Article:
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deliver and establish it, and confirm it by miracles, and sent his apostles to preach it to the world, and gave them and multitudes of others the Holy Ghost, by extraordinary, supernatural works to confirm it; and being thus sealed, to deliver it down to the world, and to settle churches in which, and officers by whom, it shall be successively explained, and propagated to the end of the world; and he continueth the sanctifying works of that Spirit, as of standing necessity, and so writeth the same doctrine or laws in the hearts of his true disciples.
5. In inquiring after the verity of all this, we arise by these degrees from our present state, and the things which we see, to the former, and things that we never saw. And first, we are most likely to look upon the professors of that religion; and though we cannot see the sanctity of their hearts, nor clearly the glory of their lives ; yet may it be discerned, that they are indeed of another spirit, and of higher hopes, and nobler resolutions, and contempt of things below, and in general of a more innocent, honest, and sublime conversation, than the rest of the world are. Many primitive converts were first moved by this observation. Yet this is not enough.
6. The next question, therefore, in our assent will be, whether this religion were indeed delivered down from Christ and his apostles to the first churches, and from them to us, by a succession of believers to this day?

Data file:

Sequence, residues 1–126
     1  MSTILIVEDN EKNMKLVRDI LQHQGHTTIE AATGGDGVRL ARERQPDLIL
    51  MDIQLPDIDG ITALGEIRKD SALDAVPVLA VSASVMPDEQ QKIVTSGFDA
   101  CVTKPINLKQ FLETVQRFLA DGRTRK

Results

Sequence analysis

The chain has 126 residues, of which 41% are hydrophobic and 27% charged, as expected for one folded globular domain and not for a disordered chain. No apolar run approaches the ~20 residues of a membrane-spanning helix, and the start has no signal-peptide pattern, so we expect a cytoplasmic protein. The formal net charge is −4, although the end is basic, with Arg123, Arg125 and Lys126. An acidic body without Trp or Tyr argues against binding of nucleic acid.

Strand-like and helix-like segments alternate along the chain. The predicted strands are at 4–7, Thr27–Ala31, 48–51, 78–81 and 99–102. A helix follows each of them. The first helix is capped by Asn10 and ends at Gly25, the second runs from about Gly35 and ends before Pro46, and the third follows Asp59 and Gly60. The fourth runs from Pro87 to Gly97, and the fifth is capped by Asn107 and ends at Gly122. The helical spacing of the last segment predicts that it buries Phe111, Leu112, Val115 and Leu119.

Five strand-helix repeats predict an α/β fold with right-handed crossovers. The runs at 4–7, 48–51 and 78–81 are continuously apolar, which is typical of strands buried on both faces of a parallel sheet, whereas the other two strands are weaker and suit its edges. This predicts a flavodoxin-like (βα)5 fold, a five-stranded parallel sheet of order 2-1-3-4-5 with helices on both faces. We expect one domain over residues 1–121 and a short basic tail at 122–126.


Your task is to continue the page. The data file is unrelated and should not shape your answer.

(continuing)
And first, we inquire, Was this religion delivered down from the first churches till now?
The answer to this, or the means by which we are resolved, is, 1. Assertory; 2. By proof. The first being used by well known teachers, who are discerned to be of honest lives, and have no deceiving intent, and to be learned and skilful in their own profession, doth often serve with the ignorant vulgar to produce such an assent, as helpeth to a saving belief of the main doctrine, and draws them to be sincerely of the christian religion. But as all should aspire after clear evidence, and see the proof, so those that are able to judge of it, may soon discern a sufficiency in it.
7. The proof, that this is the religion which was delivered from the first churches, is in these particulars : 1. In signis, that is, in the continents and infallible signifiers of this religion. 2. In evidentia traditionis, in the evidence of a certain tradition of it, in and by these signs and continents. The mind of one man is made known to another by signs, seeing we cannot
see the naked face of another's soul; much less can we immediately see the essence and mind of God, and, therefore, must have signs for the discerning of his will. These signs are: 1. The very words of Christ, and his apostles in their writings, commonly called the canonical Scriptures; which not only reveal the essentials of our religion, but also the necessary accomplishments and accidents.
2. The second thing that per modum signi containeth the christian religion, is the forms, ordinances, and constant practices of the church. 1. By forms, I mean, 1. The form of words called “The Creed,' containing the sum of the christian belief. 2 The forın of words called “The Lord's Prayer,'containing the sum of our necessary requests, and directory for prayer. 3. The form of words called "The Decalogue,' containing the sum of moral, natural duty. These three forms have been constantly preserved in the church, and contain the sum of the christian religion. And the Scripture itself is a form of words, more copious, comprehensive, and fitted to particular uses and cases.
Let them, therefore, that are against all forms, see here, on the by, how foolishly they would reject the christian religion; and lose the sword, by losing the scabbard ; the meat, by losing the dish; the soul, by destroying the body that it dwelleth and appeareth in.
3. The third thing that, by way of sign, doth evidently declare the christian religion, is the established church ordinances, and constant practice of them. Among these, I especially